A twist on a tired maxim has the Snow Creek Parent Teacher Organization justifiably riled. The PTO built it, and the wrong people came.
For nine months, the PTO worked with Snow Creek Elementary School Principal Ken Grindstaff on plans to purchase and install a playground on the Penhook campus. Spending the length of a pregnancy on a $3,500 project seemingly would provide sufficient time to get it right. But no.
Two weeks after the PTO installed the new equipment — featuring rope swings, a climbing wall and a cargo net — the maintenance crew came. And what remained of the playground came down.
These unfortunate events were the latest in a series that began unfolding with Grindstaff’s Aug. 21 letter advising the PTO that he lacked “full authorization” for the equipment. Superintendent Mark Church said the playground did not meet national safety standards.
“The equipment purchased,” Grindstaff wrote, “though fine for home use, was not designed for rigorous school usage. … Using the playground as constructed could present a safety issue for our students.”
So, officials decided, the playground would be deconstructed and sold at a bus auction.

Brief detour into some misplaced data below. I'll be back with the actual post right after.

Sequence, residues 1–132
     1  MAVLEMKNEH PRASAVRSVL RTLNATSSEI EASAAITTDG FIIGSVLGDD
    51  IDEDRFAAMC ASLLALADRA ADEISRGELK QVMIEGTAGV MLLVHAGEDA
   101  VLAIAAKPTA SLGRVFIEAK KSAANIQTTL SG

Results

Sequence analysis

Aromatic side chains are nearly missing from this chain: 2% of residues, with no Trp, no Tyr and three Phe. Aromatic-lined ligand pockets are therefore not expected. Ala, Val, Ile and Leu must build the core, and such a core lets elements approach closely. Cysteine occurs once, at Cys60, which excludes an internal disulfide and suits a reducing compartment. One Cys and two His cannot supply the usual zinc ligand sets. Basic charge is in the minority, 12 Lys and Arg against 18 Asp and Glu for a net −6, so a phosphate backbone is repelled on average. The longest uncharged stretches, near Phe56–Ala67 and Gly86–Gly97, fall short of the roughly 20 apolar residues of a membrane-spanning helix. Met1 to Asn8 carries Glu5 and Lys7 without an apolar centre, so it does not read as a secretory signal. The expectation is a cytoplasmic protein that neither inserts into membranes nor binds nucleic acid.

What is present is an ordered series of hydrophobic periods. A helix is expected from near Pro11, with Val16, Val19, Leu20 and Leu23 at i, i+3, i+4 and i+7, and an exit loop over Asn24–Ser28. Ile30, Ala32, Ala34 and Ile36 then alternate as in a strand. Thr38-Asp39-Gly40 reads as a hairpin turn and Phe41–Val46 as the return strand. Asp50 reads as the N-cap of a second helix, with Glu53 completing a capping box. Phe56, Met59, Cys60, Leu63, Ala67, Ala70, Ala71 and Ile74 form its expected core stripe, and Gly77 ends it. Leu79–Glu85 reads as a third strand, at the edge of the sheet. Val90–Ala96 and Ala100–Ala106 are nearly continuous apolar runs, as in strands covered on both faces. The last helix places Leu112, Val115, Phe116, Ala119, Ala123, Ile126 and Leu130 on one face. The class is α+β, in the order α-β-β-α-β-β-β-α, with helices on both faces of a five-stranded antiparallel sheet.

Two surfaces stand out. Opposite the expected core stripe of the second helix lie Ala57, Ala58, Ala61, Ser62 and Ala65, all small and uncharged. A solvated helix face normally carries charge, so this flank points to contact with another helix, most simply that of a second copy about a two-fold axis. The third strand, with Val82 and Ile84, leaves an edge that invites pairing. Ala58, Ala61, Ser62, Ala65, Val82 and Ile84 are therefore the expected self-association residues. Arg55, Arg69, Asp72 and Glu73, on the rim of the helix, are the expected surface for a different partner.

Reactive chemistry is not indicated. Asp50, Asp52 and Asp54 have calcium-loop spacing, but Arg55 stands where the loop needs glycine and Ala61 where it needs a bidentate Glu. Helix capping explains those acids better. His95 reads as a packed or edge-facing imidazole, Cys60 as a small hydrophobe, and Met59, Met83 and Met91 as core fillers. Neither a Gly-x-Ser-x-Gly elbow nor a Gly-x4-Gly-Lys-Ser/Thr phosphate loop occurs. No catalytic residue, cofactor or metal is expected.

This understandably displeased school PTO President Heather Badger.
Officials showed “no desire to work with us to get the proper attachments,” Badger said, “but rather threaten[ed] confiscation and auction.”
A day before maintenance workers arrived, parents dismantled all of the equipment that was not bolted down. The PTO will seek the return of part of its money. But some equipment — including portions purchased to specification — cannot be returned, Badger said.
Church and Grindstaff say the PTO followed all proper channels leading to the playground’s purchase and installation. Plainly, the administration cannot say the same for its part. This leaves the PTO in a fine mess.
“We don’t know how much we will be able to get back in our costs,” Badger said, “and it is very sad for our school.”
No one disputes the importance of safety. More than 200,000 children 14 and younger are treated annually for playground-related injuries, according to the Centers for Disease Control and Prevention. The rates are highest among children 5 to 9. More than 10% are affected by traumatic brain injury.
Once administrators realized their error in failing to ensure the playground met national safety standards, they had no choice but to act. However, they erred in this, too.
Three points are critical. First, school officials need to ensure the fulfillment of the PTO’s objective in providing a playground for Snow Creek Elementary. Officials have pledged to do this. Doing as much could make the PTO whole on its investment. Second, officials need to ensure practices are established to obtain proper authorization before projects like this proceed. Third, officials need to ensure stronger, clearer communication between district officials and the PTO in circumstances like these.
Grindstaff rightly commended the PTO and parents for their hard work. Parental involvement in the modern educational milieu is no given. Those who step forward, as these parents did, deserve better.